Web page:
The fair value determined at the grant date of the equity-settled share-based payments is expensed on a straight-line basis over the vesting period, based on the Company’s estimate of equity instruments that will eventually vest, with a corresponding increase in equity. At the end of each reporting period, the Company revises its estimate of the number of equity instruments expected to vest. The impact of the revision of the original estimates, if any, is recognised in the Statement of profit and loss such that the cumulative expense reflects the revised estimate, with a corresponding adjustment to the Share option’s outstanding account.

1.8 Taxation

Income tax expense represents the sum of the tax currently payable and deferred tax.

Current tax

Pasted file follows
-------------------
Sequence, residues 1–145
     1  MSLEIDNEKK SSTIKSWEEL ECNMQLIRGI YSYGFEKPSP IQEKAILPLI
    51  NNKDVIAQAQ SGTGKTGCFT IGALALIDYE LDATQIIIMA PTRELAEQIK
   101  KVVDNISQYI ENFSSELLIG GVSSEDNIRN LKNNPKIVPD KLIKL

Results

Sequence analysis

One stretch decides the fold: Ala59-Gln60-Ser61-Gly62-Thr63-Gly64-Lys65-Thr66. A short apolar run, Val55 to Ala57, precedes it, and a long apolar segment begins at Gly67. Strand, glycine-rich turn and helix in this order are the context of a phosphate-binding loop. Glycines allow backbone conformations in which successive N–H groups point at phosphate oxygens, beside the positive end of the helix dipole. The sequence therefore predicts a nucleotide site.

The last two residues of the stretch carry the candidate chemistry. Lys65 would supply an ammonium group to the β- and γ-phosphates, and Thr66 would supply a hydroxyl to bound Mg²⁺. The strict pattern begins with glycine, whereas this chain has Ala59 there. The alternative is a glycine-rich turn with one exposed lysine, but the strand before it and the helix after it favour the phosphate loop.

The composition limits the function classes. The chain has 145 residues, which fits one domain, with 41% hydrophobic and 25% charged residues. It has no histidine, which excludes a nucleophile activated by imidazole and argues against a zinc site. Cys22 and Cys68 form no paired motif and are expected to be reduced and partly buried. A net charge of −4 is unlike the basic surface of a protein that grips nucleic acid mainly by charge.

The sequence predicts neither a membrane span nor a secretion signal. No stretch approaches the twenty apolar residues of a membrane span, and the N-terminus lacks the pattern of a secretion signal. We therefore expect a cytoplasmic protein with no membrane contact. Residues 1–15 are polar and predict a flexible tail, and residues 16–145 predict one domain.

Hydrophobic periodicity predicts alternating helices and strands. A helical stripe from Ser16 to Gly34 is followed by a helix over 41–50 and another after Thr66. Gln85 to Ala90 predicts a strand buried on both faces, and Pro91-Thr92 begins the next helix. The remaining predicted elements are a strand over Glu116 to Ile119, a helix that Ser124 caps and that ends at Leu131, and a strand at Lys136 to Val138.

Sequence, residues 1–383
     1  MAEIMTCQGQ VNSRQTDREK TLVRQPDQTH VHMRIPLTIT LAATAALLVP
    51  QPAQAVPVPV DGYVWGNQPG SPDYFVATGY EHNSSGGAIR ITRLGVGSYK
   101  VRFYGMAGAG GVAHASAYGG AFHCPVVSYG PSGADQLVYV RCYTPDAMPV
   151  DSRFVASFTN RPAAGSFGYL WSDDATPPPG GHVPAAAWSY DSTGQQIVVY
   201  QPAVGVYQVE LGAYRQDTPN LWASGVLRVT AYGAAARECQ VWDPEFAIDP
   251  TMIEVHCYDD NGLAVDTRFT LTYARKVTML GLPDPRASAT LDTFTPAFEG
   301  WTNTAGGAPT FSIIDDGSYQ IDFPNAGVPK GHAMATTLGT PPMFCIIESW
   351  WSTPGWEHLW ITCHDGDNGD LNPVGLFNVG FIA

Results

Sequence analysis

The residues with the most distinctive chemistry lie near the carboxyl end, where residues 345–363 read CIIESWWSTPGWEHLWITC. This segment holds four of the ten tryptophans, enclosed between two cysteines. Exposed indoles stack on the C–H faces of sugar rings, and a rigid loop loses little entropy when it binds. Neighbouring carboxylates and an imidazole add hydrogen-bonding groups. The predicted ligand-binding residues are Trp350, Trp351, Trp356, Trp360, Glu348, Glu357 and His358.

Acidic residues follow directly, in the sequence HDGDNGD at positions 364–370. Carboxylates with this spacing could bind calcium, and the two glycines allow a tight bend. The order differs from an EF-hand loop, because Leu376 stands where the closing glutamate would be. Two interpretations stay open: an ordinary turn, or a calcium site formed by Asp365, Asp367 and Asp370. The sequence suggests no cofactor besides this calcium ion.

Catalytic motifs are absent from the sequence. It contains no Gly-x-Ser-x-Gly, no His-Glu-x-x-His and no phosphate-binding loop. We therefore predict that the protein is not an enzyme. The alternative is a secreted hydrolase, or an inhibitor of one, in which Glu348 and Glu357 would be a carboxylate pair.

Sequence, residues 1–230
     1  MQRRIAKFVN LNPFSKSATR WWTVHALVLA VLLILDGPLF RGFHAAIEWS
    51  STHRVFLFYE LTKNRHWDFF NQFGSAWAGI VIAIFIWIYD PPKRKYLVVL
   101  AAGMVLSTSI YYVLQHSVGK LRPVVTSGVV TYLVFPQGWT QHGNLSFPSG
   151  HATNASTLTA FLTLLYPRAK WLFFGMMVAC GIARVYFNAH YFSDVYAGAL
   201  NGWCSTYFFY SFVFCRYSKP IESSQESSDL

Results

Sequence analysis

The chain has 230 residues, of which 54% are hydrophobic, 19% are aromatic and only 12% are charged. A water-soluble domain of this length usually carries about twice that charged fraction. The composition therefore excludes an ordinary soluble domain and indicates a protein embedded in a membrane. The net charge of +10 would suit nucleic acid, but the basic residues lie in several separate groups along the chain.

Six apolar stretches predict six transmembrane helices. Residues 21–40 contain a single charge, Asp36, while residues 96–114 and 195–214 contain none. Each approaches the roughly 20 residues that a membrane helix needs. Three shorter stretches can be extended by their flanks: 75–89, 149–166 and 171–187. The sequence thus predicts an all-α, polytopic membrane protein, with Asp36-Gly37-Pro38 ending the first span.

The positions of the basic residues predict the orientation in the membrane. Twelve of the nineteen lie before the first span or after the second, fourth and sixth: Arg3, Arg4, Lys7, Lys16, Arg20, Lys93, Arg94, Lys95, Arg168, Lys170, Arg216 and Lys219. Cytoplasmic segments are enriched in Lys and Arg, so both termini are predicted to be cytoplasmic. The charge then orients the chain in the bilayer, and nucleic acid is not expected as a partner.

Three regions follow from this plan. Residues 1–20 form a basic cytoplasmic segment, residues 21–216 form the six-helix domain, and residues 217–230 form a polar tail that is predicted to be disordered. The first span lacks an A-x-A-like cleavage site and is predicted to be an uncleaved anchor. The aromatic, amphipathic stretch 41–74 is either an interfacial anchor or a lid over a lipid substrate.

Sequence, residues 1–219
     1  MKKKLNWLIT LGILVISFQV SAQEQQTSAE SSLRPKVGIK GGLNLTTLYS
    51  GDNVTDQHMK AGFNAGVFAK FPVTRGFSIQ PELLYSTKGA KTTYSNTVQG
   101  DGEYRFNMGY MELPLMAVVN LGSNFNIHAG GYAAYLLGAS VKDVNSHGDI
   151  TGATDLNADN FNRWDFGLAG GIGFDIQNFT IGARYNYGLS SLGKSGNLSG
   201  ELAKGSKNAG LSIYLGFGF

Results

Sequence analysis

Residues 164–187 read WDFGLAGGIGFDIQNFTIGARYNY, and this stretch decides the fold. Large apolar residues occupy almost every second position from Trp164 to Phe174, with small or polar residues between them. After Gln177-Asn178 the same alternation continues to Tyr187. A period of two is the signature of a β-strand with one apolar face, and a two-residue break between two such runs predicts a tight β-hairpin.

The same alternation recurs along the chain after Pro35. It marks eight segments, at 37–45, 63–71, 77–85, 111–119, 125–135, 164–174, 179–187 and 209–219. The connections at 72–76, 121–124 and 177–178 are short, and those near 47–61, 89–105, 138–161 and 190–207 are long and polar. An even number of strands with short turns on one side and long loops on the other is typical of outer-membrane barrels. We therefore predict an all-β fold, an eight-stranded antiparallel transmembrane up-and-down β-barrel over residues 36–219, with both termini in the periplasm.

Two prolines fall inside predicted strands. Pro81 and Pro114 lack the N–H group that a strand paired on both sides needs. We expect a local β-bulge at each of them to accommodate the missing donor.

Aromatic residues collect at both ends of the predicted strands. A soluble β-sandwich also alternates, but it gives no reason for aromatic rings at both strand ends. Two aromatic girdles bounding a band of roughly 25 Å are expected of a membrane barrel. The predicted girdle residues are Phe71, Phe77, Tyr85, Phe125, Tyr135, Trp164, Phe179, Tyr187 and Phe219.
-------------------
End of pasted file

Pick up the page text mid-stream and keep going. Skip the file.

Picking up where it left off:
The tax currently payable is based on taxable profit for the year. Taxable profit differs from profit before tax as reported in the statement of profit and loss because of items of income or expense that are taxable or deductible in other years and items that are never taxable or deductible. The Company’s current tax is calculated using tax rates that have been enacted by the end of the reporting period.

Deferred tax

Deferred tax is recognised on temporary differences between the carrying amounts of assets and liabilities in the financial statements and the corresponding tax bases used in the computation of taxable profit. Deferred tax liabilities are generally recognised for all taxable temporary differences. Deferred tax assets are generally recognised for all deductible temporary differences to the extent that it is probable that taxable profits will be available against which those deductible temporary differences can be utilised.